What I didn't expect, however, was the gut-wrenching emotions I felt watching Harry and his younger son Albus try to deal with their already-complicated relationship as Albus becomes a teenager and really feels the weight of being the son of the world's most famous wizard. That's not a spoiler -- pretty much everything that has been written about Harry Potter and the Cursed Child has referred to the fraught Harry-Albus relationship as a major part of the story.
Yet while I knew about it, I wasn't prepared for the way the emotional force of their parent-teen divide would hit me. Perhaps it's because I've recently experienced the ups and downs of parenting adolescents myself (and come out the other side with two wonderful young adults). Or perhaps it is the way the story brings out the nuances and complexities of the awkward/strained Harry-Albus relationship. Harry may be the world's most famous wizard, but that doesn't meant he's having an easy time dealing with a teen who really doesn't want much to do with him. And, of course, Harry didn't have any real parent role models in his own growing-up years, which just makes it harder. In her recent review, New York Times reviewer Michiko Kakutani further explores the Harry-Albus dynamic as a key emotional element Harry Potter and the Cursed Child.
This was definitely the biggest surprise in the book for me, but there were others, most of which I won't discuss as I believe it's best to come to any Harry Potter story as fresh as possible. I will say, however, that I found the story irresistible, the script itself well-written, and I especially loved the way that bits and pieces from the Harry Potter books were woven into the play. There is one further surprise I can discuss, however, which is how easily I became accustomed to the script format. Like many others, I had originally found it somewhat irritating that what had been billed as the "new Harry Potter book," was actually the "special rehearsal edition script" of the play that opened recently in London. It seemed a bit like cheating! And I wondered -- a little -- about how accessible young readers would find the format, although as I told a New York Times interviewer: "Any true Harry Potter fan will leap over any obstacle to keep up with his story." (Unfortunately I wasn't quoted in the Times story -- a hazard of which I'm well aware as a former newspaper reporter, but it was fun to marshall my thoughts about Harry Potter and the Cursed Child in preparation for the interview).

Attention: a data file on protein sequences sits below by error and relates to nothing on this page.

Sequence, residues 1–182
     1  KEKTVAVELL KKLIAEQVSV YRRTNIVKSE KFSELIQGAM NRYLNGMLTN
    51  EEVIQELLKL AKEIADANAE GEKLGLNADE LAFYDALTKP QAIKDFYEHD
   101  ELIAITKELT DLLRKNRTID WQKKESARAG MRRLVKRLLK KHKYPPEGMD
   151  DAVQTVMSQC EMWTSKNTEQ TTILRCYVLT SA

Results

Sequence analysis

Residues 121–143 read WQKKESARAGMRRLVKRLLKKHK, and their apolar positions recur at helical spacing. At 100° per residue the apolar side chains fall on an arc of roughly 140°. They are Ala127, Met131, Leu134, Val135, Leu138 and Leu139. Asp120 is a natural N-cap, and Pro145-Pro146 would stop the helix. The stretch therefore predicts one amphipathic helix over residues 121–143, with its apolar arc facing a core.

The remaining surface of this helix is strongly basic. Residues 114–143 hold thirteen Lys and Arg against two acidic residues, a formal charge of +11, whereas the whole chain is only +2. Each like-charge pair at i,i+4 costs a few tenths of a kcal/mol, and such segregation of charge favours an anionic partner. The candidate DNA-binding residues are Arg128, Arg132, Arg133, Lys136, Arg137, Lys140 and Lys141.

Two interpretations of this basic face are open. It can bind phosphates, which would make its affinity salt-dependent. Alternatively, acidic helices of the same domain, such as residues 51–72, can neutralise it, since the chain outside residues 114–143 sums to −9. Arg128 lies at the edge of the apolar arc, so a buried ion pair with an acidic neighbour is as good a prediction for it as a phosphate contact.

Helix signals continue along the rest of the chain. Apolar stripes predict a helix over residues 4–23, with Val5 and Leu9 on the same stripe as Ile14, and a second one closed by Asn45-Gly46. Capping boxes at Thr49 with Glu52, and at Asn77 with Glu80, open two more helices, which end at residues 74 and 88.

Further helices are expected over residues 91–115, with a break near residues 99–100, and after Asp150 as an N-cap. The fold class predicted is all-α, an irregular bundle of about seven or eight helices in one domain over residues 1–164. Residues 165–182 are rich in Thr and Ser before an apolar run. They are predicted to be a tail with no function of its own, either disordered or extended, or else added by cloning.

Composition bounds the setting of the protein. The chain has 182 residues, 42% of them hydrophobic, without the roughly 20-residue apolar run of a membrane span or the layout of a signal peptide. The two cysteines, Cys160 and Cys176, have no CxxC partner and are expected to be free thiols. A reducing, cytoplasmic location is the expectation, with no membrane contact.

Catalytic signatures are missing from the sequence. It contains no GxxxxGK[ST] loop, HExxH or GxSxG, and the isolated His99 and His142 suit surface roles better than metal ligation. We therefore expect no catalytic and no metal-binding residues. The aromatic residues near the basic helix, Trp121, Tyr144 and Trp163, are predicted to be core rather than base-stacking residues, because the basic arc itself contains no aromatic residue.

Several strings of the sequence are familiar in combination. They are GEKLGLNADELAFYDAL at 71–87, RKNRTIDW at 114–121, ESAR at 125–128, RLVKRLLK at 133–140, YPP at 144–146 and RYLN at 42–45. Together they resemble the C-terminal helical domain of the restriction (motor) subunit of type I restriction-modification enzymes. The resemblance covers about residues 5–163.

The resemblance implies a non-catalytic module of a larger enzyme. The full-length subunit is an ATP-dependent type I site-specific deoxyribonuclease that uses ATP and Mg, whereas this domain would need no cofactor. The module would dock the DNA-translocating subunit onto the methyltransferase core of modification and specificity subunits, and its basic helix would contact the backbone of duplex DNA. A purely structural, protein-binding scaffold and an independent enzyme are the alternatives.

Actually the interviewer was most interested in whether the fact that Harry Potter and the Cursed Child was published as a script would lead more kids to read plays. As I told the reviewer, I have my doubts about that, but I do harbor a hope that the script format will lead more kids towards what is known as "Reader's Theater."
|Librarian Elizabeth Poe's book is a great resource for doing Reader's Theater.|
To do Reader's Theater, you take a story -- say The Three Pigs -- and re-write it as a script. Then make copies of the script, one for each character, and then choose a child for each character. Hand them a script, have them take a bow, and the show starts! Reader's Theater not only is fun, but research also has shown that it a wonderful way for kids to gain fluency in reading aloud. We've done Reader's Theater in my library, and everyone has a blast. So, if the script format of Harry Potter and the Cursed Child helps inspire more libraries and schools to do Reader's Theater, that's a great thing!